1st Communion gift?!? Instead of savings bonds


My friend’s twins are getting confirmed on Sat. They have a lot of aunts and uncles, so I will probably skip the religious item approach. I was going to buy a savings bond for each of them, but buying them online looks like a hassle and I know it will take their mother forever to set up their accounts. Plus, I don’t know their socials.

With all that said, any suggestions?!?

Perhaps have a Mass (or even a novena of Masses) requested for their intention. Just mention it on a card.

Talk to their parents, because you can’t necessarily assume that the relatives are intending to go the religious item route, or even to give a substantial gift. If they are giving substantial gifts, they may be doing it as a group and giving something very substantial, indeed, which would leave smaller items as options. We gave our twins leather-bound Bibles (not for confirmation; they’re not that old yet) and had a local bookbinder emboss their names on each. It was not a cheap gift, but the result is very much like their grandmother’s Bible, which she has had since she was a girl. They like them very much. The twins might also like a small (travel size) durable (leather bound) book of Scriptures…it is possible to find Catholic versions with the Psalms and the New Testament, for instance.

If you’d like to make a financial gift, but not cash, ask her about whether the twins have college savings accounts. These can often accept gifts from anyone, and they’ll already be set up.

I agree with EasterJoy. My in-laws are all anti-religious, and I know that when it comes time for my daughter’s first communion (still years out) that they are not going to be gifting anything of the sort.

For what it’s worth, I still have a small statue of Mary that was given to me for my first communion. I love it. I recently gifted it to my little girl and it now sits on display in her bedroom.

Some non-religious ideas that I have are more “experience” based. For example, a pass that, when redeemed, will ensure a Saturday afternoon together with lunch and something fun. I love doing gifts like that for my nieces. :thumbsup:



Mine aren’t anti-religious; they’d just assume that by 14 you have about all the rosaries, guardian angel pictures, Marian statues, and crucifixes that you’re going to need. My point is that relatives sometimes make those kind of assumptions without really knowing if that is true or not.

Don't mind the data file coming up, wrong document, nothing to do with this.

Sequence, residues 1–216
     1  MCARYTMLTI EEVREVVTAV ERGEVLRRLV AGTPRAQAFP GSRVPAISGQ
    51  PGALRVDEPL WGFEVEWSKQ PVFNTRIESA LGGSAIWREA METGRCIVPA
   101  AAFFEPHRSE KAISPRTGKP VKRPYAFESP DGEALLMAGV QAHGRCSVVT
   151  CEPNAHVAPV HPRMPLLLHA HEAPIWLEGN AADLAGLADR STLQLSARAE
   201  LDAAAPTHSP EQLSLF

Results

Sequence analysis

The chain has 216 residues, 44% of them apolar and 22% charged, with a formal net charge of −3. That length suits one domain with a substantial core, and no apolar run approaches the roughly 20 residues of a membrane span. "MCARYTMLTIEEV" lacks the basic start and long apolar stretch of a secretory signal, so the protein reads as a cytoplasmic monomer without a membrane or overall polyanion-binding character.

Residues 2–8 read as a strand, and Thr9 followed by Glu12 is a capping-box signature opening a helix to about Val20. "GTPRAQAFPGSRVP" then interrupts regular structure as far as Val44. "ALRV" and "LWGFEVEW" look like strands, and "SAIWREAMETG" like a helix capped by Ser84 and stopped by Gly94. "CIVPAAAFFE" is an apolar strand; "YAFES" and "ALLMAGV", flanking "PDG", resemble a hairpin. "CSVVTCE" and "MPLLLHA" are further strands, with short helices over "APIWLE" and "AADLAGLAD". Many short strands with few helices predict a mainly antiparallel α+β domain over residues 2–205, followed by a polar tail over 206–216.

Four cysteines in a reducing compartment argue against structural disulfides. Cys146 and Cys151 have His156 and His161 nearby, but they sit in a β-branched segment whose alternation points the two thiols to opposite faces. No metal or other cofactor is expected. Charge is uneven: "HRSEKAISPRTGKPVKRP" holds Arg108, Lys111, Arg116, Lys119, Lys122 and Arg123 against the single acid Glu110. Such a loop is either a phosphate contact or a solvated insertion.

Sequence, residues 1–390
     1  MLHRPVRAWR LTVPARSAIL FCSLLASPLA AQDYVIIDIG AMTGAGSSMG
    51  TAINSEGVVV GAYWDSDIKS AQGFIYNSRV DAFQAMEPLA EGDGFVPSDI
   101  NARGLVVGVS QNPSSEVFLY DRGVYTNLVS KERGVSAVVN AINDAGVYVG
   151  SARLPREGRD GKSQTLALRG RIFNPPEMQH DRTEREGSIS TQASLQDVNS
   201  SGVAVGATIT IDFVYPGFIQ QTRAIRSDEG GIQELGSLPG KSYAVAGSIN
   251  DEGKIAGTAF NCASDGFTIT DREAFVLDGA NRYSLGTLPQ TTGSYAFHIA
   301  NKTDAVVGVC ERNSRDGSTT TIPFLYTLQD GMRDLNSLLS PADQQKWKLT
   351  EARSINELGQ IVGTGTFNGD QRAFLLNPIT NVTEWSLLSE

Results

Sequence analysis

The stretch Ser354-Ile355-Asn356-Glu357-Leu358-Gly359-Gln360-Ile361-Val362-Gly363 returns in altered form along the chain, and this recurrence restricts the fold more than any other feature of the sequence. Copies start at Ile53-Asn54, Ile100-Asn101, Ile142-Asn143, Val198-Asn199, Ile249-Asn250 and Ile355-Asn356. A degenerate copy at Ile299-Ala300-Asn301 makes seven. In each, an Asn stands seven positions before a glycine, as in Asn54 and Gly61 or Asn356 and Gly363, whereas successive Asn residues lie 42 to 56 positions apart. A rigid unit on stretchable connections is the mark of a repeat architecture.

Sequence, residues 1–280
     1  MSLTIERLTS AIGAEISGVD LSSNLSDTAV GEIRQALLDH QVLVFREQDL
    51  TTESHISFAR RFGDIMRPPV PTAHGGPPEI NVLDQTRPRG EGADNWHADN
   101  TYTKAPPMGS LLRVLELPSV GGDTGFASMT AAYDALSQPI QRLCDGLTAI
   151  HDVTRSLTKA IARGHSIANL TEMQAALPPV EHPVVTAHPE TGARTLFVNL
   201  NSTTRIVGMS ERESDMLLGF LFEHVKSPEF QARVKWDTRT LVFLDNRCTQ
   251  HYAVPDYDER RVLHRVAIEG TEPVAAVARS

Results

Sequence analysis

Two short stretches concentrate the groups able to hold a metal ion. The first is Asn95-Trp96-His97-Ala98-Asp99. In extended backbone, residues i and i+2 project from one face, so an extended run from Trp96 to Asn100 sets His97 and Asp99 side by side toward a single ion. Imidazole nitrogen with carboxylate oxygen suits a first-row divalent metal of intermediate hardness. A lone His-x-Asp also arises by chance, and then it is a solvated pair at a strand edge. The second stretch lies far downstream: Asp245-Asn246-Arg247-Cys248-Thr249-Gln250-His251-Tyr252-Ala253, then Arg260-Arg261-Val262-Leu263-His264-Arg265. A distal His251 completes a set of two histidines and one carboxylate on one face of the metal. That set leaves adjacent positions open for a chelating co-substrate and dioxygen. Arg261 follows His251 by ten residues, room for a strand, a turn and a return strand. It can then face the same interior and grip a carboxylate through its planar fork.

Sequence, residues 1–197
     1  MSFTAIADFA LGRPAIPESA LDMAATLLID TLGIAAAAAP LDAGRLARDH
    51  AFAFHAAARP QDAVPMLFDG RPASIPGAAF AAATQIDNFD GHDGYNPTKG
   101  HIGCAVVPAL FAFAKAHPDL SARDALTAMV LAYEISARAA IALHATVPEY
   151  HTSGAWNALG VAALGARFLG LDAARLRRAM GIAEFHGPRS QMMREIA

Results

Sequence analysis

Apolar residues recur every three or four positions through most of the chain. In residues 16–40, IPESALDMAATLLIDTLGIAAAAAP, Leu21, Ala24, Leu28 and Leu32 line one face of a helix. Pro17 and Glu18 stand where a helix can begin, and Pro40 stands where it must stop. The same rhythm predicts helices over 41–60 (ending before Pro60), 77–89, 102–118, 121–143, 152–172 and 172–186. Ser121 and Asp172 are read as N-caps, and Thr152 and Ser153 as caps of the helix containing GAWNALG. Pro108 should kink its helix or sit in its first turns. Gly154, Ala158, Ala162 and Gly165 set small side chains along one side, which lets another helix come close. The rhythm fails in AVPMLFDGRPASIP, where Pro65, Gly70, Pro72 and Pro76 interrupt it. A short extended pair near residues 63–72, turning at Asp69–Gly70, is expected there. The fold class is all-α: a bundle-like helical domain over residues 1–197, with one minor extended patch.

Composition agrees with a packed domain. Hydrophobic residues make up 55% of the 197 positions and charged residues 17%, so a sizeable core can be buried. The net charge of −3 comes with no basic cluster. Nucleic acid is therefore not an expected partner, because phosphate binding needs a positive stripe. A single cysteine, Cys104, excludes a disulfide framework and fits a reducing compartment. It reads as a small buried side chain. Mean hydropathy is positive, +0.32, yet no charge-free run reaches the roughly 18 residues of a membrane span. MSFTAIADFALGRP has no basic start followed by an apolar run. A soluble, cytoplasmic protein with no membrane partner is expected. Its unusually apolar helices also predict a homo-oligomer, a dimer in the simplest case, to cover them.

What my relatives would not think to give is an icon of each of the twins’ patron saint, or any kind of icon at all, for that matter. We gave our twins a statue of Jesus with little children and an icon of Christ the King, High Priest, for their 1st communion. They like both very much, and sitting together on their dresser it makes a nice picture of both the glory and approachability of the Lord. Anyway, there are a lot of really beautiful icons that can be had over the internet, and the art is not only adult but made to draw the viewer in. The local monastery and seminary bookstore also has quite a selection, and can order others in a short time…plus, they will mail the item to the buyer when it comes in.

I gave my 2 nephews who have had 1HC each a Bible with their name embossed on the cover. Nice and personal, not too expensive.


I received my first statue (of St. Joseph) when I went off to college. As for my confirmation presents, they were secular items (a radio controlled car for one and a cassette player for another) from my sponsor and his wife and from others.

You can set up a bank account (I was actually planning on doing that for my nieces), but then you have all these legalities to deal with (such as having a social security number).
Can you trust the parents to set up a savings account for their child and you write the child a check?

I will endorse finding items of religion. Maybe you can get an icon from an Eastern Orthodox gift shop if you think that the child will get too many similar items.

I like icons because they are very adult and yet not emotionally cold. An icon invites you in, and the spiritual depth of it demands respect. Even a thoroughly secular person can see the profound nature of an icon, whereas they might miss the significance of religious art aimed at a juvenile audience, because secular culture can get kind of flippant at the sight of religious sentimentality.

An icon is religious art for a lifetime, very much like a quality crucifix or statue of the Madonna. I’d suggest including one of those little stands with it, so it can be displayed on a shelf or desk and moved around for use on a home altar, instead of needing a nail and getting stuck on one place on a wall.

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